CRTC Chair Won’t Recuse Himself from Internet Matters Over Allegations of Bias
The Canadian Radio-television and Telecommunications Commission (CRTC) has rejected a request from an industry collective for chairman Ian Scott to recuse himself from decisions on internet competition over allegations of impartiality — reports The Globe and Mail.
A letter sent Tuesday by the CRTC’s senior general counsel, Stephen Millington, says that “the decision of a member of the commission to recuse themselves in respect of a matter is a decision that only the member can make.”
“Whether recusal is appropriate in a given case is a question that each member must decide each time they adjudicate a matter and the present situation is no different.”
The Competitive Network Operators of Canada (CNOC), a group that represents more than 30 independent, smaller ISPs from across the country, earlier this month filed an application calling for CRTC chair, Ian Scott, to remove himself from internet competition proceedings and rulings because he appears biased in favour of large telecoms.
The request was the latest in a series of official challenges to the CRTC’s May 2021 ruling that hiked wholesale internet rates paid by Canada’s smaller ISPs to large telecoms back up to 2016 levels. Smaller telecom players in the country pay larger operators like Bell and Rogers CRTC-regulated rates for access to their networks, reselling that service to their own retail customers.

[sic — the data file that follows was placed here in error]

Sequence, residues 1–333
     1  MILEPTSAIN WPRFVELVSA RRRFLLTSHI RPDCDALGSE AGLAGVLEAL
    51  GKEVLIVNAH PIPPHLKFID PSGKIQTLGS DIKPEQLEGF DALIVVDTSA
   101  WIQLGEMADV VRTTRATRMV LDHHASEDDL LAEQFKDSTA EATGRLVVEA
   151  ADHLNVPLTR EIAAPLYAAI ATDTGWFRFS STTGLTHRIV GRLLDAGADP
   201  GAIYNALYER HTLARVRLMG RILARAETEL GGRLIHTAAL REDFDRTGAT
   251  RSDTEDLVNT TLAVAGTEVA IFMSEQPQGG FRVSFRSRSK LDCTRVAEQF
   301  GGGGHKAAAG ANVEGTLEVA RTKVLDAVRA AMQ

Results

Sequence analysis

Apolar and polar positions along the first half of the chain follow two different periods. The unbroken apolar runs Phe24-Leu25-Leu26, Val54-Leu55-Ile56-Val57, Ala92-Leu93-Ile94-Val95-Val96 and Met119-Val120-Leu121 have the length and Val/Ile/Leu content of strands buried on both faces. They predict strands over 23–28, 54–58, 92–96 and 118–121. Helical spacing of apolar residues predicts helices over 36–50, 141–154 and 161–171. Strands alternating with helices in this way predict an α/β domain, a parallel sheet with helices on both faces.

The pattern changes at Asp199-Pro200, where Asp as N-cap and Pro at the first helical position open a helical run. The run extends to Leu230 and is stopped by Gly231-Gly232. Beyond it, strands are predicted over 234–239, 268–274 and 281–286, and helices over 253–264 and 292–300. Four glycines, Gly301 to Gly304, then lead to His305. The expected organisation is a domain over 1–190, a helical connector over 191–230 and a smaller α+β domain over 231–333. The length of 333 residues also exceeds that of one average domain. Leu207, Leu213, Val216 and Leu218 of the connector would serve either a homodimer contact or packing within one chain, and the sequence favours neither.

The 2021 ruling reversed the regulator’s own decision from 2019 to grant smaller ISPs lower wholesale rates. The move has been appealed on many fronts by the CNOC and independent providers. Mr. Scott’s conduct has been a central part of their arguments, with ISPs specifically questioning the CRTC chair’s December 2019 meeting at an Ottawa pub with Mirko Bibic — then-COO, now-CEO of Bell.
Mr. Scott defended the meeting and responded to allegations of bias during a virtual hearing before a parliamentary committee last week.
“I meet with everyone pursuant to the rules,” said Mr. Scott. “We make our decisions based solely on the public record of the proceedings,” he told MP Bernard Généreux during the hearing.
The CNOC and independent ISP TekSavvy have filed separate petitions asking the federal cabinet to overturn the CRTC’s May 2021 ruling. Furthermore, the Federal Court of Appeal has said it will hear a case brought against the ruling by TekSavvy.